of the Sentinel Konah
Last month. several elite Spartan swimmers traveled to Washington state to compete in one of the most prestigious swim competitions in the region, and broke some of their records along the way.
The Washington Open swim meet, held in Federal Way, Wash., is the highlight of many high school swimmer’s careers. Making the cut is no easy accomplishment. Swimmers must qualify to attend, and the times to beat are tough.
For the Spartans, Freshmen Bremer Deaton and Sophia Fero broke some of their club swim records. They not only swim for the Spartans, but also for myst, the Missoula YMCA club swim team.
Junior Caroline McCormick swam the mile on the last day of competition and dropped over 20 seconds for her senior’s cut. She also broke the team record in the 200 Breaststroke and the 200 IM.
Throughout the meet, swimmers race their hardest to drop time, beat team records, and go for higher competition cuts. With Federal Way being at sea level, swimmers from high altitude states like Montana drop time like crazy.
King County Aquatic Center is a superior facility for swimmers. The facility has three pools for competition; to split the meet in half they had an even-heat pool, an odd-heat pool, and a dive tank which served as a warm up/cool down pool.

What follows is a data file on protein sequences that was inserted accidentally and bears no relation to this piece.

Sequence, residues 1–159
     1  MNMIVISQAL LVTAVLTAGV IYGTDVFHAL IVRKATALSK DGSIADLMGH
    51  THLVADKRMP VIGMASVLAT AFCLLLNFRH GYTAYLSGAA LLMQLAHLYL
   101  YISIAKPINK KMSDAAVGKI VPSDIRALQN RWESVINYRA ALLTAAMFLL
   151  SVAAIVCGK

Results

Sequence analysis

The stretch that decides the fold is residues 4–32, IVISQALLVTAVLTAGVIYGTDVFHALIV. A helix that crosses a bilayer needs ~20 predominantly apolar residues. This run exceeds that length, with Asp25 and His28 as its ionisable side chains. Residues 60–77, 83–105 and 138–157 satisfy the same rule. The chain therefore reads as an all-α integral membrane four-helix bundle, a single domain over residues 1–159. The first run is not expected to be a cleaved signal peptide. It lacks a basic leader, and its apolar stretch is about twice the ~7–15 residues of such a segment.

This swim meet is one of the biggest swim meets any Montana high school swimmer will get the chance to compete in. Being in a different state and in such an alive environment is a great experience for any swimmer.
McCormick, a seasoned swimmer sheds a little light to why this meet is so crucial to club swimming, “It’s a big meet. It gets people prepared for the championship season and the way championship meets run.”
With a limit of 900 swimmers this year, the competition to acquire a spot in the meet was high. About 100 teams came to Washington to put their hard work to the test. Only about 40 percent of the teams have swimmers that make it to finals and score for their team.
The Missoula YMCA team got on the board this year with Hellgate Junior Claire Becker scoring two points in her 500 Freestyle.
This is an important swim meet because it allows the smaller cities and teams to experience a swim meet in a place where their town really cares about swimming.
It gives swimmers an opportunity to glimpse a life they could lead if they continue to swim after high school and the environment they will be in.
It also gives them another chance at any cuts or personal goals they are trying to meet.
First time Washington Open goer this year, Sentinel JuniorGabe Mazur said, “I learned that sometimes when you think you’re going all out, there is actually a lot more that you can give.”